Friday, August 5, 2011

Loving Lucy: Miss Grant Takes Richmond (1949)

Aug. 5, 2011

67. Miss Grant Takes Richmond (1949)

Starring Lucille Ball, William Holden, Janis Carter, James Gleason, Gloria Henry, Frank McHugh

Directed by Lloyd Bacon

Plot: "A bookie uses a phony real estate business as a front for his betting parlor. To further keep up the sham, he hires dim-witted Ellen Grant as his secretary figuring she won't suspect any criminal goings-on. When Ellen learns of some friends who are about to lose their homes, she unwittingly drafts her boss into developing a new low-cost housing development.” (from IMDb)

Since I haven’t seen many of Lucille Ball’s films, in honor of her 100th birthday blogathon I decided to view one of them. I honestly was not expecting much from this movie and it was about what I thought it would be. Not a bad way to pass the time, but not a profound cinematic achievement either.

charles lane  

Dependable character actor Charles Lane has a small role near the beginning of this movie. I Love Lucy fans will recognize him from several episodes of the show: “Staten Island Ferry” (1956), “The Business Manager” (1954), “Lucy Tells the Truth” (1953), and “Lucy Goes to the Hospital” (1953).

Another actor in this that would later appear in I Love Lucy was Will Wright, who showed up in two episodes: "Tennessee Bound” (1955), and "The Handcuffs” (1952).

Lucy looks gorgeous in this film. Costumes were designed by Jean Louis.


Together with Holden, James Gleason and Frank McHugh make up the trio of bookies.


When this film was made, William Holden had not yet reached the height of his fame, which would be launched by his success the following year in Sunset Blvd. I found his character in this film a bit too cynical to be a sympathetic leading man for this type of light comedy. In fact, I actually thought Ellen’s (Ball’s) boyfriend was a lot nicer than the bookie character played by Holden. He is very handsome, and though comedy may not be Holden’s forte, there are glimmers of the dry wit and unmistakable voice that helped make him a star.

William Holden would later star in a very famous episode of I Love Lucy. Here is a clip from part of that show:

You can also watch Lucy light her nose on fire and throw a pie at Holden.


According to IMDb: “Rita Hayworth was going to star in this movie, but Hayworth requested script revisions, and went on suspension to avoid making it.” I can’t say I really blame her. The material is just not that good.


One of the best parts of the film was near the end when Lucy’s character pretends to be tough-talking gangster. It reminds me of the kind of comedy she would later come to embody as Lucy Ricardo.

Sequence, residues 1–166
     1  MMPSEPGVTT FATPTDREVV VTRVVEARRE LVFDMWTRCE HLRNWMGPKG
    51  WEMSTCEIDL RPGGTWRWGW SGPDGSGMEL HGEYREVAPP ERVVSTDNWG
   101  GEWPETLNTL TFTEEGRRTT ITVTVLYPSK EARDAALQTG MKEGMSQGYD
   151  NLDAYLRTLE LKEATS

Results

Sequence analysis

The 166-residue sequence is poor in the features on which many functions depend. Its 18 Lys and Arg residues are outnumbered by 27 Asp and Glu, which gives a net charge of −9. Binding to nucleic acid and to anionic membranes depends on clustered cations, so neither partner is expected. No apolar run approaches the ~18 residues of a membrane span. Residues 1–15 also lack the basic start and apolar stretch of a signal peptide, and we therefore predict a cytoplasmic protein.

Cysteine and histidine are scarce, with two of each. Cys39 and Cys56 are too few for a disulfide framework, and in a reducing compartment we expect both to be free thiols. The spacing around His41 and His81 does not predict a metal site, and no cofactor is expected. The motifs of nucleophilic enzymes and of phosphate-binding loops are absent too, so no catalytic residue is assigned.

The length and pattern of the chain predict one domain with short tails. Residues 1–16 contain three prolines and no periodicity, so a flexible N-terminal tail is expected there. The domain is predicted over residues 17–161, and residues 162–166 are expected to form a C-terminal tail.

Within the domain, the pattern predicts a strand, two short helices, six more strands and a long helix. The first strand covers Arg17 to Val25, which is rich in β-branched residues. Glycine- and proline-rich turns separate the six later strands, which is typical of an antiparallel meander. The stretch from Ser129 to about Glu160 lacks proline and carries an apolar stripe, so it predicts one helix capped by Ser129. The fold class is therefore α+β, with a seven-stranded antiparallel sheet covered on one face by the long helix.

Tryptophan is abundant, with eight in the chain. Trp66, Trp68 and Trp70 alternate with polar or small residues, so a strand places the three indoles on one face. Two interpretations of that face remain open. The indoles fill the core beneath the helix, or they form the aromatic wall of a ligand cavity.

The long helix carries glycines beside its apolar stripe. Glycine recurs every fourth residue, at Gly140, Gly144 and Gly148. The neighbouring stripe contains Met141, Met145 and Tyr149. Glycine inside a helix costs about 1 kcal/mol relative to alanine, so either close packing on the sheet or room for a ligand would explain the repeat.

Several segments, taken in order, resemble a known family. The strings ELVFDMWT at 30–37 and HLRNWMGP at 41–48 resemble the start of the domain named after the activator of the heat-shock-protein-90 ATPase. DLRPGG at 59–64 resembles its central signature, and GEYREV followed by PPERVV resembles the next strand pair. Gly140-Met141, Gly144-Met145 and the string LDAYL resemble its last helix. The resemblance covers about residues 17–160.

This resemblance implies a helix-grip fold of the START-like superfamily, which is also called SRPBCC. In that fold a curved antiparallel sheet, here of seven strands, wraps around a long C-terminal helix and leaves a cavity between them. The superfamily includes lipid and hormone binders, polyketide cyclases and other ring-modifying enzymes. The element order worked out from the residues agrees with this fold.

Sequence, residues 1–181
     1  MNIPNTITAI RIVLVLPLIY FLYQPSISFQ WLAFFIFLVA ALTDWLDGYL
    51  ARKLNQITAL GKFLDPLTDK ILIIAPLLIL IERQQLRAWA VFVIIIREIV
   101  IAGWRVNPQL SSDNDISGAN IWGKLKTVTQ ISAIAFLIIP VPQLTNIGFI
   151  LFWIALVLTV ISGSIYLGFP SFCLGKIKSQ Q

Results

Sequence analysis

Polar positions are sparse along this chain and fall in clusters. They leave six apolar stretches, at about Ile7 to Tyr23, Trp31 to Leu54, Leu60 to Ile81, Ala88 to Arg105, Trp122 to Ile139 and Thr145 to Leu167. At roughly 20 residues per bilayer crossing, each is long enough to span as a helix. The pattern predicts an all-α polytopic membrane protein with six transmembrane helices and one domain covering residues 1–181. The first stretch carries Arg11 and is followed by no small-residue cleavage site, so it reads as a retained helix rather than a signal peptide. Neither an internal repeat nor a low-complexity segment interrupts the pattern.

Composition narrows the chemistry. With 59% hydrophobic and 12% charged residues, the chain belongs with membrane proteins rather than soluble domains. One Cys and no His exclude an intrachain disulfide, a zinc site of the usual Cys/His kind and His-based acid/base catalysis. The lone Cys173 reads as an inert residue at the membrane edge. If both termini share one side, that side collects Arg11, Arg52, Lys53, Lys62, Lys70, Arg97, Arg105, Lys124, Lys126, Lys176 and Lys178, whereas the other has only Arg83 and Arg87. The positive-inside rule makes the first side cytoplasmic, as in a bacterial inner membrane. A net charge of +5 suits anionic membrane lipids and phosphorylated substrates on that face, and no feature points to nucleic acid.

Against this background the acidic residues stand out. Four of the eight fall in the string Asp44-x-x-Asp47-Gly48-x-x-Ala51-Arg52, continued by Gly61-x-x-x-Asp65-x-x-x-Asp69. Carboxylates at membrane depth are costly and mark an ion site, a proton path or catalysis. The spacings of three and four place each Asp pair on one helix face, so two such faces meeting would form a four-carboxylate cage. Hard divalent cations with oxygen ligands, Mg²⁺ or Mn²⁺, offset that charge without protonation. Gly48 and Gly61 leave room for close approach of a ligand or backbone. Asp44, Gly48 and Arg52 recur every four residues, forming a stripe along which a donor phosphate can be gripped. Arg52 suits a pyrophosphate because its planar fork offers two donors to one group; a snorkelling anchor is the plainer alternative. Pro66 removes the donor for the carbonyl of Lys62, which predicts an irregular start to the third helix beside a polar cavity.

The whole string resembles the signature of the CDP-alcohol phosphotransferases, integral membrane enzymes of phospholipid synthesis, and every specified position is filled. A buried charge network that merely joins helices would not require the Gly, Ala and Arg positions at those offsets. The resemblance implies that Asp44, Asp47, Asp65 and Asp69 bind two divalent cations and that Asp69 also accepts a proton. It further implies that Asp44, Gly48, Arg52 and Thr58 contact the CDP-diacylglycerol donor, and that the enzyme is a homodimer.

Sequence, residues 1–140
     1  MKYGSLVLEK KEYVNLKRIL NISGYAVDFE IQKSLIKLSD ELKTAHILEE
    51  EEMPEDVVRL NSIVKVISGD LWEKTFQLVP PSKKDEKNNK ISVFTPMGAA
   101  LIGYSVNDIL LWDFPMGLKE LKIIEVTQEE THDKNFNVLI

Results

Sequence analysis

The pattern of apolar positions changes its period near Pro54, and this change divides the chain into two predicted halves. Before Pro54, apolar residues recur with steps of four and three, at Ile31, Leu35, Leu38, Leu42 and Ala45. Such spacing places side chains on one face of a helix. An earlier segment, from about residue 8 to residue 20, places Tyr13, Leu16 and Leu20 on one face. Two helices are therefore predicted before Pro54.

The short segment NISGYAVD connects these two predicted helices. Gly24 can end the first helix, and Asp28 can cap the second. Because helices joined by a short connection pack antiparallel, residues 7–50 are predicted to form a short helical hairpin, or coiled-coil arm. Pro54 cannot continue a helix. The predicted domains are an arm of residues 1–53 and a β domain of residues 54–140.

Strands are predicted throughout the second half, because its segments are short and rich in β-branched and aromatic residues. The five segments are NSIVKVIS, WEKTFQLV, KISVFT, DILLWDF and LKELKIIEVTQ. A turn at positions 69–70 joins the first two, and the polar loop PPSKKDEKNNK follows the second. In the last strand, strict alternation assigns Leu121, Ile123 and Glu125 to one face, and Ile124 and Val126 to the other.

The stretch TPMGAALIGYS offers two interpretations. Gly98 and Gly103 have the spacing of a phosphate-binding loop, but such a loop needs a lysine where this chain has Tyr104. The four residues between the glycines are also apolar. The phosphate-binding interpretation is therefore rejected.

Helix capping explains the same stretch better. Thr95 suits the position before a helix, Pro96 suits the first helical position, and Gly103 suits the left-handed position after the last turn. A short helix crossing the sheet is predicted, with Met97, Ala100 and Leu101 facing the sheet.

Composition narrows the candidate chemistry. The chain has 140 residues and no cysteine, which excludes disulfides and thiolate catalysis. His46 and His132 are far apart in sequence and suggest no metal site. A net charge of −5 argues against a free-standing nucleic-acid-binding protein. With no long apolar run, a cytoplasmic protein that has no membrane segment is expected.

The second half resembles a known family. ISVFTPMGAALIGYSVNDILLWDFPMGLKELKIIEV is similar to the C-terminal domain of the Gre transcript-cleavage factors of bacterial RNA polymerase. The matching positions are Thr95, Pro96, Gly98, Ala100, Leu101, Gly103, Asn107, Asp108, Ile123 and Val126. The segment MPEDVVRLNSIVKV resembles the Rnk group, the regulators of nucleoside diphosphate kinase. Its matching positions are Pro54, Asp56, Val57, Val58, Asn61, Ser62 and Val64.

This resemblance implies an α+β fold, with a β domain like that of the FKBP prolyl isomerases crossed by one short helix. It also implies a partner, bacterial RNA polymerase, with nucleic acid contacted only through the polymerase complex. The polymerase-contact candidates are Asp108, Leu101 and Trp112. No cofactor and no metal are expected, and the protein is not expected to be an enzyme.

Though the film as a whole is rather unremarkable, it is interesting to watch these promising stars at this point in their careers. A solid B picture, it’s not a great movie, but it is worth watching if one is interested in Ball’s career pre-I Love Lucy.

{Here are more photos and some behind-the-scenes pictures from this film.}


i love lucy
This is post is my humble contribution to the Loving Lucy Blogathon, hosted by True Classics.


  1. Her films will keep her forever in the hearts of those of us who grew up with her. I really enjoyed reading your" Miss Grant Takes Richmond" post. Which, is coming on TCM later today. I plan on watching it. Thank you for your wonderful review.

  2. Have fun watching it, Dawn, and thanks for the nice words. :)

  3. Miss Grant Takes Richmond definitely isn't Lucy's finest silver screen moment but I love the great character actors she gets to work with--Charles "Homer Bedloe" Lane was also on The Lucy Show in its first season but reportedly was fired by Ball because he had trouble remembering his lines.

    And that bit where slaps Bill Holden around toward the end of the film -- I like to think Lucy picked that up from working with the Three Stooges in Three Little Pigskins.

  4. I watched bits and pieces of this film today. Though I must say I couldn't' really get into it. It's entertaining, but definitely not one of Lucy's best.

  5. I agree. :) Thanks for stopping by!

  6. Oh, I really wanted to see this film (but there are no subtitles available!). Well, now I read your review I don't feel that bad :) Interesting review, nice to see how some of the actors from this movie later appeared in the series :)

  7. I caught over half of this one on TCM yesterday...loved the scene where she pretends to have a gun and repeatedly slaps William Holden! Hilarious. :)

  8. Yeah, that was probably the best scene of the movie. Reminded me of something Lucy Ricardo would do.

  9. While not one of Lucy's best, the film does contain a warm, witty performance from her - it really gives an indication why people love Lucy!

  10. Enjoyed your post- and loved the pictures! The gangster scene is just too classic. Thanks for contributing to the blogathon. :)
    -Carrie, True Classics

  11. The elements of screwball (the opening scene with the typewriter, the "gangster" ending) really save this movie from being a complete wash. I particularly enjoy Gleason's performance--he always cracks me up! 

    Let me echo Carrie's thanks--we're so glad you contributed a post for the blogathon!

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